Avalanche Canada: Shallow Snowpack, Deep Avalanches

By: Ryan Buhler, Forecast Program Supervisor

The 2023-24 season has started very dry with an unusually shallow snowpack. Many of the snow stations with historical snow data are showing near-record lows, some dating back a few decades. The main concern with a shallow snowpack is that weak layers are easier to trigger for a longer time, and they often become even weaker over time.

There are two layers currently at play: a layer of surface hoar buried at the start of December, and basal facets. These two weak layers recently caused several large avalanches in the Selkirks around Revelstoke and extending north into the Cariboo Mountains around Valemount. While most of the natural avalanches occurred Dec 23 – 25, sporadic avalanche activity continues.

This article primarily addresses the Columbia Mountains, but it’s noteworthy that the Purcells and central Rockies, which are generally characterized by a thinner snowpack, have been reporting deep persistent slab problems for at least a couple of weeks now. This MIN post shows a recent example of a deep slab avalanche in the central Rockies.

The snow pillow on Mount Revelstoke is showing near-record low snowpack, since 1992 (source)

A deeper dive into the shallow snowpack problems

Two deep avalanches are suspected to have been remotely triggered at 2100 m on a southwest aspect in the Monashee Mountains south of Blue River on Dec 23. (Photo: Willy Rens)

The persistent and deep persistent avalanche problems we’re seeing in these regions are primarily found in the alpine. While temperatures have generally been quite mild this season at lower elevations, it’s likely been cold enough to result in faceting snowpack gradients at higher elevations, especially in wind-exposed terrain where the snowpack remains thin.

The surface hoar layer exists at treeline and in the alpine and has been reactive for most of December in many of the interior regions (see this blog from Dec. 15 for more details). In the regions south of Revelstoke, a rain crust has made it more difficult to trigger this layer and has limited the amount of avalanche activity. Further north where that rain crust is thinner or doesn’t exist, recent milder temperatures appear to be causing the layer to gain strength at treeline elevations.

However, while it’s uncertain where and at what elevations this surface hoar layer continues to exist; professionals are still treating it with respect. Expect it to remain intact and reactive in some areas in the alpine.

Basal facets are the other concern in thin alpine snowpacks. While temperatures have not been unusually cold like last year, the combination of a very shallow snowpack with seasonal alpine temperatures has likely been enough to result in a faceting temperature gradient. As a result, layers near the base of the snowpack may be getting progressively weaker. For more details on snowpack faceting and temperature gradients, check out this blog from last year.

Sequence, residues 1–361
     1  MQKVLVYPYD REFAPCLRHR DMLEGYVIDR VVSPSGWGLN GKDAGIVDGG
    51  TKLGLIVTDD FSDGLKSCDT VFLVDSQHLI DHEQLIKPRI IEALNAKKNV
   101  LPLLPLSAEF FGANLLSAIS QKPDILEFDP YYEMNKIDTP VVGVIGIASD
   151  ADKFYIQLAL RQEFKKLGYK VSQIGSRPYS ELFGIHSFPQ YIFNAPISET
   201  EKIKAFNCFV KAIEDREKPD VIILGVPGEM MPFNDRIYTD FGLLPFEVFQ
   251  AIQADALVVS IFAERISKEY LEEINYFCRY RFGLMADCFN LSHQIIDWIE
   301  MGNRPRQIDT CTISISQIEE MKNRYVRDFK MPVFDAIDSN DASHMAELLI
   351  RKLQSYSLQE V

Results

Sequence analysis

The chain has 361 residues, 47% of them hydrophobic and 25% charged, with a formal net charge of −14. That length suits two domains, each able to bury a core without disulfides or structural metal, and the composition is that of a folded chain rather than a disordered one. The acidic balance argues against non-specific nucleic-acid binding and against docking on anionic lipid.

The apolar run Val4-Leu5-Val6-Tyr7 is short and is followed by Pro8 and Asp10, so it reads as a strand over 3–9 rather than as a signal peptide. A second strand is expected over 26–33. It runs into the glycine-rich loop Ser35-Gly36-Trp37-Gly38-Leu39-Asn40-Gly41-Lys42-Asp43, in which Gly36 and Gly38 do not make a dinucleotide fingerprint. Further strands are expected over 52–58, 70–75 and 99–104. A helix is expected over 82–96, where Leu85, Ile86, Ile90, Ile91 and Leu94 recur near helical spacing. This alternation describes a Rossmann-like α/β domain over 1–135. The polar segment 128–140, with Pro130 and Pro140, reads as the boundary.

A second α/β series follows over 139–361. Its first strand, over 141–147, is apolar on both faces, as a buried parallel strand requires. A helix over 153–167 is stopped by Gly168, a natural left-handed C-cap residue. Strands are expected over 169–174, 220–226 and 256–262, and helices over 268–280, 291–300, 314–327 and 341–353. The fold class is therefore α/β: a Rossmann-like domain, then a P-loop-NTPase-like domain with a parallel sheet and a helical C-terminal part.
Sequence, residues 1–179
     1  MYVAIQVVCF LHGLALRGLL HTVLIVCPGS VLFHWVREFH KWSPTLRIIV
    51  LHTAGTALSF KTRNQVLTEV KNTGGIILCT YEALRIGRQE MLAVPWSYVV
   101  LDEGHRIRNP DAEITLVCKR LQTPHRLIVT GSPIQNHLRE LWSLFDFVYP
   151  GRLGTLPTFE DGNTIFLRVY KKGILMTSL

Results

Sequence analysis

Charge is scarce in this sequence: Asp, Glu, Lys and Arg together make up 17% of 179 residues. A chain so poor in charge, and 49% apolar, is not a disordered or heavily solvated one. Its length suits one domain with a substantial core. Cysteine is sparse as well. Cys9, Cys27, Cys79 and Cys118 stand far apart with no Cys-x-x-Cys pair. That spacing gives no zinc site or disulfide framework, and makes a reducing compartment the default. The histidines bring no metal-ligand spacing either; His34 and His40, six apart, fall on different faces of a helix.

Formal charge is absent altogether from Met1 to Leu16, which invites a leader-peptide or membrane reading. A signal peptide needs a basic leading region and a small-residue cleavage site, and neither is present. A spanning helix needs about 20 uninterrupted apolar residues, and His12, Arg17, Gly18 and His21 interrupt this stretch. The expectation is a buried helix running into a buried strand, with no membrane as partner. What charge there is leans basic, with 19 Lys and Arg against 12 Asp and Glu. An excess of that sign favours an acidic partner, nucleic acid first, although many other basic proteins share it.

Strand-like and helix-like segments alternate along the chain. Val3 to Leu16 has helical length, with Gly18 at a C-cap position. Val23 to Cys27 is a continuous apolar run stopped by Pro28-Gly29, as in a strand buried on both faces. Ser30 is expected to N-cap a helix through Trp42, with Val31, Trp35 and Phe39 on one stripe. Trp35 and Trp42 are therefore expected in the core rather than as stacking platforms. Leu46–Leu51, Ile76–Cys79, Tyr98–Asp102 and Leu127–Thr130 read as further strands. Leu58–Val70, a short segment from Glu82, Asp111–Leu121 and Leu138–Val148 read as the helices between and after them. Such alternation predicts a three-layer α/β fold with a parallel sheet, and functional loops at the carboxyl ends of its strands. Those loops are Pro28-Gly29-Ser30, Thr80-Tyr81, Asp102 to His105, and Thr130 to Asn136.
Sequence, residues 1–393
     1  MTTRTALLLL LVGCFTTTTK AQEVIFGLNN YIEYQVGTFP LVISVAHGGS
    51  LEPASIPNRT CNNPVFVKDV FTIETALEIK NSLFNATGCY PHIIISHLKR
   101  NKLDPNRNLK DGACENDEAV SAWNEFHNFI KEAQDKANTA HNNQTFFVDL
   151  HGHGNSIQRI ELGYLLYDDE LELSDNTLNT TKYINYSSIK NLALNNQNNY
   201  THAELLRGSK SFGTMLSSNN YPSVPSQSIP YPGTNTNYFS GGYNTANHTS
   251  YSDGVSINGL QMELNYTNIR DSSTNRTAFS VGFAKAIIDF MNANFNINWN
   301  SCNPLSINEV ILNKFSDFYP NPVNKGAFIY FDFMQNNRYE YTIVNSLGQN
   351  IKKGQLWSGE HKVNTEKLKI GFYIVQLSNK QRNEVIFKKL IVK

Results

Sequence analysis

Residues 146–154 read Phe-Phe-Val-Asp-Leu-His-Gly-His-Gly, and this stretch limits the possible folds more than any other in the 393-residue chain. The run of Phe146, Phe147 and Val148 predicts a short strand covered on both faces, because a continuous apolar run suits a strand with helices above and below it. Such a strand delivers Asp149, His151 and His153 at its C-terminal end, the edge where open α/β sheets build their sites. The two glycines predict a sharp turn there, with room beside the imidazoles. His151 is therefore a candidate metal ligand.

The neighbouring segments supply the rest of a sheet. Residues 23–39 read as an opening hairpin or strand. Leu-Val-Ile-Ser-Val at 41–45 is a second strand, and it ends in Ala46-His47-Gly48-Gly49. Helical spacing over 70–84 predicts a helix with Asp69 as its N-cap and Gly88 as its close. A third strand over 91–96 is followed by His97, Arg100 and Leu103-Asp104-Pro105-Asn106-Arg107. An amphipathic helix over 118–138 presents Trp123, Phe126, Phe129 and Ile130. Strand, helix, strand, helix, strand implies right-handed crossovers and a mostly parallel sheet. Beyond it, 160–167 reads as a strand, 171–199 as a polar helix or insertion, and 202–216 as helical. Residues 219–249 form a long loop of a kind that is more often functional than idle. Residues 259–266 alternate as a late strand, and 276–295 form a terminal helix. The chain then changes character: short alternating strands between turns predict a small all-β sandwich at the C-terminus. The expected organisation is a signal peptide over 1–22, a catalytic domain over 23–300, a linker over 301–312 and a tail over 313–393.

An estimate on locations where the two deep weak layers may be reactive.

Terrain management

Whenever problems like this start to develop, I immediately look to the guiding community and see how they are managing their terrain use. In addition to conservative terrain selection, they are also:

• Sticking to low-angle slopes and avoiding large, smooth, and steep features, especially in the alpine.
• Avoiding recently wind-loaded terrain features.
• Minimizing overhead exposure.
• Riding smaller slopes at treeline and below, where a bridging rain crust is known to exist.

Looking forward

While natural avalanche activity in the interior ranges has tapered off in recent days, there remains a lot of uncertainty about what the future holds for these weak layers. Relatively dry conditions are expected to persist for at least another week. These are ideal conditions for snowpack faceting to continue, especially where it’s thin at higher elevations. This means the basal faceting could get worse before it gets better.

The major tipping point for another substantial round of natural activity on the deep layers will likely be the next big storm. However, the long-range weather forecast remains relatively dry for at least the next week in the interior. By the time we get the next big storm, it’s possible that the surface hoar problem may have improved, and the basal facet problem may have worsened. We will continue to monitor both layers, so keep an eye on the bulletins for ongoing information on these problems.

Avalanche Canada is dedicated to public avalanche safety. They issue daily avalanche forecasts throughout the winter for much of the mountainous regions of western Canada, providing this free information on their website. Always know the avalanche conditions before heading out into the backcountry.

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